A Venezuelan police helicopter strafed the Supreme Court and a government ministry on Tuesday, escalating the OPEC nation’s political crisis in what President Nicolas Maduro called an attack by “terrorists” seeking a coup.
The aircraft fired 15 shots at the Interior Ministry, where scores of people were at a social event, and dropped four grenades on the court, where judges were meeting, officials said.
However, there were no reports of injuries.
“Sooner rather than later, we are going to capture the helicopter and those behind this armed terrorist attack against the institutions of the country,” Maduro said.
“They could have caused dozens of deaths,” he said.
The 54-year-old socialist leader has faced three months of protests from opposition leaders who decry him as a dictator who has wrecked a once-prosperous economy. There has been growing dissent too from within government and the security forces.
At least 75 people have died, and hundreds more been injured and arrested, in the anti-government unrest since April.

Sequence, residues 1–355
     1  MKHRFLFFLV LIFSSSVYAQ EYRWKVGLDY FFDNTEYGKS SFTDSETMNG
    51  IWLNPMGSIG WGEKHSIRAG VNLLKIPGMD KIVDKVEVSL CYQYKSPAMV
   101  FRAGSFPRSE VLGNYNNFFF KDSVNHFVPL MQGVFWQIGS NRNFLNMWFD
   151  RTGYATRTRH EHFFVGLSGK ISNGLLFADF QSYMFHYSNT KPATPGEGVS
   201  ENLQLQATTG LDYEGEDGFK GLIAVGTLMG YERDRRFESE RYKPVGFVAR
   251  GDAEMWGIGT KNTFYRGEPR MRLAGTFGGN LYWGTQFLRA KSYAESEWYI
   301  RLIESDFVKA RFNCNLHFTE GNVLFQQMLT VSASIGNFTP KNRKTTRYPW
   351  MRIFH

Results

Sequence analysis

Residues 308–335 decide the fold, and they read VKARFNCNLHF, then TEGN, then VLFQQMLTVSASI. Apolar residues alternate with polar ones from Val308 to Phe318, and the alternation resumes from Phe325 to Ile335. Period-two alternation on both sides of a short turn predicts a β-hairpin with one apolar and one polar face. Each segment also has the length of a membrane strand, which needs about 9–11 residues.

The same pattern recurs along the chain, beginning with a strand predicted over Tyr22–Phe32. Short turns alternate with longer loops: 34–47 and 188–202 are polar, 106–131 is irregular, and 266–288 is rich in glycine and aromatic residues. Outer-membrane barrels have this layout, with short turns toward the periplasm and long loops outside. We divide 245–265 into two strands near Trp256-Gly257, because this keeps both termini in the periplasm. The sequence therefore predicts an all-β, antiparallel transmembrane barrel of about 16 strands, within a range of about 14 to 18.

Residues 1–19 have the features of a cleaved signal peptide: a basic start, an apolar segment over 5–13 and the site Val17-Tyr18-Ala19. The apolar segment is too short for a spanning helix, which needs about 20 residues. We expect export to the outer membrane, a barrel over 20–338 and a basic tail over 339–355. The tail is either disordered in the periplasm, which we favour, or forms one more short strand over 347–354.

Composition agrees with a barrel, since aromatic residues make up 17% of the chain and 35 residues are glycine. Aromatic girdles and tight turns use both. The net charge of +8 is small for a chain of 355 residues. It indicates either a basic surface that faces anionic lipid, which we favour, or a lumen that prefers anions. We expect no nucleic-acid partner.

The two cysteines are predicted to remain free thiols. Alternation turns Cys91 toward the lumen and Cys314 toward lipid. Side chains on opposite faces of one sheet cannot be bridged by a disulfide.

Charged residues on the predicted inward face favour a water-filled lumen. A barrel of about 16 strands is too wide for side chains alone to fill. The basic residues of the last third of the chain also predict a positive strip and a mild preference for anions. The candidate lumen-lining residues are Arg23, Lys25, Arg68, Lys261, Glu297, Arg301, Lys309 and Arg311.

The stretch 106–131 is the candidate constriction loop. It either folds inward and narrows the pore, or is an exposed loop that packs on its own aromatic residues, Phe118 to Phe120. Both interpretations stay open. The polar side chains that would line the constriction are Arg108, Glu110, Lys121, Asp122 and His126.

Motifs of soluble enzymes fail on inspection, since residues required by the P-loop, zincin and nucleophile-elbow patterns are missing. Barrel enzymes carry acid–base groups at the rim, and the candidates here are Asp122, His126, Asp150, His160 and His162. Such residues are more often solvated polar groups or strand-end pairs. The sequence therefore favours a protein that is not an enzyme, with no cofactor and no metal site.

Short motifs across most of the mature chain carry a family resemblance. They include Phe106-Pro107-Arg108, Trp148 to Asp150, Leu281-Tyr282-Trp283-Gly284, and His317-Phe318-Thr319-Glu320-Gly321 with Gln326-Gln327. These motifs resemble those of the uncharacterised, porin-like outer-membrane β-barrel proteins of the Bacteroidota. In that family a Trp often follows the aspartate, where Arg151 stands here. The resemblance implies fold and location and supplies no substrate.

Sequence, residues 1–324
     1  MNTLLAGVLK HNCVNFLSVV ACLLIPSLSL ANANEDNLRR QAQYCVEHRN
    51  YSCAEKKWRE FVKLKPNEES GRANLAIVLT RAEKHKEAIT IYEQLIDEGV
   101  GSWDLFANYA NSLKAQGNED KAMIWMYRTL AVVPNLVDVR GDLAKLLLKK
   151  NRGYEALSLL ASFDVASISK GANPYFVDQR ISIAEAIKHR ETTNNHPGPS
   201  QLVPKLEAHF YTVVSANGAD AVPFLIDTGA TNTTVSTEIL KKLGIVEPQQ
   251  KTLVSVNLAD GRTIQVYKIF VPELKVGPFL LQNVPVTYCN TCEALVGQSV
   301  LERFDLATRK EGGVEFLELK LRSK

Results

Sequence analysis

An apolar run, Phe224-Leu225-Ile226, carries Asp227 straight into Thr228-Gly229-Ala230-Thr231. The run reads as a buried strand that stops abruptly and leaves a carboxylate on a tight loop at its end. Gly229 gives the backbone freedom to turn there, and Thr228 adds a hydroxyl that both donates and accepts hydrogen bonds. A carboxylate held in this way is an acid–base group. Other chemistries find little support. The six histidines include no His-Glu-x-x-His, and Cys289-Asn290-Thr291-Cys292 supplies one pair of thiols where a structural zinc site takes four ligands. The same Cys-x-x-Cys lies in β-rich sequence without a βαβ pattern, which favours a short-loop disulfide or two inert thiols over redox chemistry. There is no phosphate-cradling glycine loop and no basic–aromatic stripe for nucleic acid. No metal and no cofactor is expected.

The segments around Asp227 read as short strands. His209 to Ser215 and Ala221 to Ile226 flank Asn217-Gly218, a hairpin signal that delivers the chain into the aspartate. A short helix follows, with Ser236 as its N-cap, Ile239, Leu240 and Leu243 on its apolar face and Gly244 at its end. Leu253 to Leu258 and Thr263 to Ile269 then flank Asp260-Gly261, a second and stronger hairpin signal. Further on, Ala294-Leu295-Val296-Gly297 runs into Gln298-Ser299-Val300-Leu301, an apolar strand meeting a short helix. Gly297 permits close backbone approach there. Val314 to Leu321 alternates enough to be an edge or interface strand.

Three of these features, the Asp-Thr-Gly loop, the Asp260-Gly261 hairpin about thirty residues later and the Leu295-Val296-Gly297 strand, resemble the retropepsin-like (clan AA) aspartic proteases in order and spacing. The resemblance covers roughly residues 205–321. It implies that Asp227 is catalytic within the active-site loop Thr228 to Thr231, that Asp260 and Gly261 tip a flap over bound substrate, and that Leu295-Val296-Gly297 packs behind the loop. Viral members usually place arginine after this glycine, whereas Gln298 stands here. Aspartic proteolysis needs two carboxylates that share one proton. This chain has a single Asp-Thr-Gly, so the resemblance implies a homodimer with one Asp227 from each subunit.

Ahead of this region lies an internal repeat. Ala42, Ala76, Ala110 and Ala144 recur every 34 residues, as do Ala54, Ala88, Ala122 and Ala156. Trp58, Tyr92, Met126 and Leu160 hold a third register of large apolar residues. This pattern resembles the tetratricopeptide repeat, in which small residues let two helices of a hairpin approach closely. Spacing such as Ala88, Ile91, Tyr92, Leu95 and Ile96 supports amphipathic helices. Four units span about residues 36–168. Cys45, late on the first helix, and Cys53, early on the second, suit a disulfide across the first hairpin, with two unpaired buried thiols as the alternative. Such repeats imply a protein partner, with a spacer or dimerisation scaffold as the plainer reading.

Demonstrators are demanding general elections, measures to alleviate a brutal economic crisis, freedom for hundreds of jailed opposition activists, and independence for the opposition-controlled National Assembly legislature.
Maduro says they are seeking a coup against him with the encouragement of a US government eager to gain control of Venezuela’s oil reserves, the largest in the world.
Venezuela’s government said in a communique the helicopter was stolen by investigative police pilot Oscar Perez, who declared himself in rebellion against Maduro.
Images shared on social and local media appear to show Perez waving a banner from the helicopter reading “Liberty”, and the number “350” in large letters.
The number refers to the constitutional article allowing people the right to oppose an undemocratic government.
A video posted on Perez’ Instagram account around the same time showed him standing in front of…